Re: gnome font RFC quickie

Lauris Kaplinski wrote:
> 1. GnomeFontGroup
> 2. GnomeFontFamily
> 3. GnomeFontFace
> 4. GnomeFont
> 5. GnomeFontTransformed
> 1. Serves for user grouping and managing fonts
> 2. Is collection of related typefaces, mainly for easy managing
> 3. Should be mostly hidden from user - it is raw font data holder - such
>    data, that can be embedded in object or sent to printer
> 4. Is visually unscaled, but metrically scaled font. I.e. it has assigned
>    certain output resolution (in points). This is the most visible object
>    to user - and it is user responsibility to set correct output
>    resolution.

Where in here do I get the actual per-font metrics, as found in the
font file? Or will I have to write my own code to read an AFM file?

If the font bounding box is other than 1,000 units, how do I know that?

> I.e. if you want to layout page, it is best to scale font to desired
> resolution. All metric information will be adjusted to that resolution and
> although on-screen display may not be as nice as possible, output is
> guaranteed to be best.
I'm expecting to keep two sets of metrics, one for the printer and one
for the screen, and compensate for the differnences myself.  If a
library will do that for me that's fine, but I don't expect it.

I very much expect to keep track of the errors in character positioning.
For PostScript devices, that includes the PostScript positioning
roundoff error that you can see if you print a row of iiiiiiiiiiiiii at
various sizes, from 3pt up to 12pt, first positioned with a single
PsotScript show and then positioned individually using the metrics.

> If you plan to do some abrakadabra with font, such as nontrivial
> transforms, best scale it to some very big value. Then font uses
> internally metrics adjusted to infinity.
Most commercial systems use fixed-point numbers as far as I know.
The problem is that a 1/100th inch rounding error will make a word
of text touch a line, if you put text in a box.

> NB! metrics still look out unscaled to user (given for 1000 unit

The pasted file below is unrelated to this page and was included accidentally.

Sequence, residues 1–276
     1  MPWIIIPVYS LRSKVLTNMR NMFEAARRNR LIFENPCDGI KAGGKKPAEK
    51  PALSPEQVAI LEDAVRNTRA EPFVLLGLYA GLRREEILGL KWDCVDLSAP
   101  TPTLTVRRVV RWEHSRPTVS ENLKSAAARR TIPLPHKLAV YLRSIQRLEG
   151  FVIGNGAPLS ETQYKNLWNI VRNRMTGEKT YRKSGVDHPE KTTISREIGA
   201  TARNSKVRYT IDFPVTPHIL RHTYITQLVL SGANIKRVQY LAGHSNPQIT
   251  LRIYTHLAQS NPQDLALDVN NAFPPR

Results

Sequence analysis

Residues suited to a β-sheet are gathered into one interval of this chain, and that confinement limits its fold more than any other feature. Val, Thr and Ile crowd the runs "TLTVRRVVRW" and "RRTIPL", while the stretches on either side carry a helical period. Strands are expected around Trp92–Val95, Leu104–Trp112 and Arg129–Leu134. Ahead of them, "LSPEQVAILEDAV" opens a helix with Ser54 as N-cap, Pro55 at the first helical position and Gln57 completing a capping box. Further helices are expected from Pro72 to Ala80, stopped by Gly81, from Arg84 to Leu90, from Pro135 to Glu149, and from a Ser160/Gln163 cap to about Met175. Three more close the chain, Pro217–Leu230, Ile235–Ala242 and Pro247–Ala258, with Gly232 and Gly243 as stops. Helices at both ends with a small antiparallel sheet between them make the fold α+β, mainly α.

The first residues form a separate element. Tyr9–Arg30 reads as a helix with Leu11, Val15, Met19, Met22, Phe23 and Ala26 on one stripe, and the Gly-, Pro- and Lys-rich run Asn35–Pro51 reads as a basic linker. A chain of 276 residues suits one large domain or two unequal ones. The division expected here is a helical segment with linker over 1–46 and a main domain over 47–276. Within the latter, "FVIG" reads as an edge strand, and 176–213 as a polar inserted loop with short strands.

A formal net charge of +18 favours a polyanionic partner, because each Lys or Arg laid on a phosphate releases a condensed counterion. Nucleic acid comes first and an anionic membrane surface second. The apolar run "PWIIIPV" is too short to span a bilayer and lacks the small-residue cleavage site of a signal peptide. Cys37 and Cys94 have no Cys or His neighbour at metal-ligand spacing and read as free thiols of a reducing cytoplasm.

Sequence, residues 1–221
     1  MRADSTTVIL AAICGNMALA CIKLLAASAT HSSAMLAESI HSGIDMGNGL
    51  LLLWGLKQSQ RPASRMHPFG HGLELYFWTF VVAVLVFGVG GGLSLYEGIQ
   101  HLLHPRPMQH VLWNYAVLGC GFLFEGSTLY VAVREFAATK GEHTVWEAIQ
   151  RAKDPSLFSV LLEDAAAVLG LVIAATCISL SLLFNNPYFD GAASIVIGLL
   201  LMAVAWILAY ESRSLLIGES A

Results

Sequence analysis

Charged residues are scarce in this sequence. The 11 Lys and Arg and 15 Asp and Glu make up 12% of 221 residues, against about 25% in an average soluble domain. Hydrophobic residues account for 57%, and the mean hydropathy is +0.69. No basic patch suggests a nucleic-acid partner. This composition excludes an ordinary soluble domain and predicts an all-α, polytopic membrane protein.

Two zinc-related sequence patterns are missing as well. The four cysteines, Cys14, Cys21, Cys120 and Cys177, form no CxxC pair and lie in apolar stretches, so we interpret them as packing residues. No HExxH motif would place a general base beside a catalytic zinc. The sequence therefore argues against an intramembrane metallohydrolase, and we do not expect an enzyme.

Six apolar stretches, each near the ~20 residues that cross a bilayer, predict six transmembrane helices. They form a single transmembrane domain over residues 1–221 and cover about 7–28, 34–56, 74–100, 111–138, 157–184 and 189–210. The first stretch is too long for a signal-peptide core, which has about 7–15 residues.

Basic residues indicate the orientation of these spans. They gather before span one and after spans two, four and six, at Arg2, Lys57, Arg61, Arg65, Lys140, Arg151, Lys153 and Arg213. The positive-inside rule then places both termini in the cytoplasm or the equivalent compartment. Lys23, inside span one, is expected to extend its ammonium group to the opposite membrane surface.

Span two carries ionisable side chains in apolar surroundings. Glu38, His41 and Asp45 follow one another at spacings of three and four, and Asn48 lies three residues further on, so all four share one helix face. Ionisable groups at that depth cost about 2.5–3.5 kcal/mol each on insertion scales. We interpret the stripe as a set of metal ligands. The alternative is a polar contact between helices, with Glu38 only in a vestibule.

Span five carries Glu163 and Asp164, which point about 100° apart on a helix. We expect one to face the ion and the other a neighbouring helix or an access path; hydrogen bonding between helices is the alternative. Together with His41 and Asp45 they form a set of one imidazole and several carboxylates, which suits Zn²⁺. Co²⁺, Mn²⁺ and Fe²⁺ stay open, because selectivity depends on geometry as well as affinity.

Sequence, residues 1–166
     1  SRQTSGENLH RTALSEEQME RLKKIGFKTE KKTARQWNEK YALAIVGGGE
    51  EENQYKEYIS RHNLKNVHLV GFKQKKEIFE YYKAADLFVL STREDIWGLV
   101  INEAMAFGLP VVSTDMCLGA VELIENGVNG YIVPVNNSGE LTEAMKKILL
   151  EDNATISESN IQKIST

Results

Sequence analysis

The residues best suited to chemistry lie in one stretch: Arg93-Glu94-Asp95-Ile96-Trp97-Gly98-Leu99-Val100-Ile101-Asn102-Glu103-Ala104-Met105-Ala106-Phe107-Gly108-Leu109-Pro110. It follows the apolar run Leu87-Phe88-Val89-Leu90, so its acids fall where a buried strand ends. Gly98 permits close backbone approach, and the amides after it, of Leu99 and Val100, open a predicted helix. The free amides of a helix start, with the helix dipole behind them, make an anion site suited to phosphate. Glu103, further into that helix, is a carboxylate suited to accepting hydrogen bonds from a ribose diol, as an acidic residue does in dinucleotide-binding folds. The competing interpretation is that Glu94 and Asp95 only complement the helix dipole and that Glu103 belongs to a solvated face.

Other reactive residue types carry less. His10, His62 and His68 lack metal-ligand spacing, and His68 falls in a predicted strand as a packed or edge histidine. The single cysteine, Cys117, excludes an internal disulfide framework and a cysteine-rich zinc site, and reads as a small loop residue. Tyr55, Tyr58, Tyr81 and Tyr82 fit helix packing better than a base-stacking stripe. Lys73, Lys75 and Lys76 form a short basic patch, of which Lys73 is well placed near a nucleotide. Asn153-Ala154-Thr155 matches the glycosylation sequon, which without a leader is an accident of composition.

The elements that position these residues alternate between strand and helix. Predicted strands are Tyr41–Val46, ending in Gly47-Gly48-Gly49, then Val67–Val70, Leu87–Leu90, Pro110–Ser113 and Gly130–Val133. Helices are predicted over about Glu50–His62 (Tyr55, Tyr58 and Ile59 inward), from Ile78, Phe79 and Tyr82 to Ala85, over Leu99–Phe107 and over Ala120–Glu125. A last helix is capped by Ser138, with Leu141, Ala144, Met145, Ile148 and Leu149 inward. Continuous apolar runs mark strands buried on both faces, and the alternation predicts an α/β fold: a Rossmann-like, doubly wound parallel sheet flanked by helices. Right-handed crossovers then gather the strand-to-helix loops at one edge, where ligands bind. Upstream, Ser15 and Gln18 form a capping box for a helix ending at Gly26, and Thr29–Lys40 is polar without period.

> font). But these are adjusted to scale to integers in given size.
TrueType fonts are not restricted to a 1,000 unit font.
Actally type 1 fonts aren't either, but at least some versions of
ATM require 1000 units per em.

> 5. Is mostly needed by canvas item and print context implementations. This
>    manages glyph cache. From it you can also extract final metrics.
This looks OK.

> There should be something like GNOME_FONT_SCALE_AUTOMATIC,
> library, so if once set to automatic or infinity, you do not need to
> bother about output resolution. Still for exact layouting purposes there
> is always a way set set this manually.
> AUTOMATIC - output library always uses metric adjusted to real output
> resolution. This gives best possible glyph/word lookout, but may distort
> lines/layout.
> INFINITY - output library uses sub-pixel positioning. Usable for
> antialiased display, either reduce readability of glyph shapes or
> distort inter-character distances. Layout stays always the same.

sub-pixel positioing is a display characteristic, and should not be
available only if you're ignoring the printer and display resolution.
Or maybe I'm tired, it's very hot here :-X

> I hope this will minimize user headache, still preserving possibility to
> do high-quality layout.

High-quality text is *difficult*, especially because the human eye is
very very sensitive to irregularities in spacing.  Although the conscious
resolution of the eye is only about 10^-4 radians (I don't know what that
translates to in distance on a page or screen at 18" distance), the eye
itself apeears to be more sensitive than that.

A 0.1pt change in letter spacing is quite visible.  That's not surprising
if you've ever looked ata "thou guage" for measuring sparkplug gaps.



Liam Quin - Barefoot in Toronto - -
Ankh on
Co-author, The XML Specification Guide, Wiley, 1999
Forthcoming: The Open Source XML Database Toolkit

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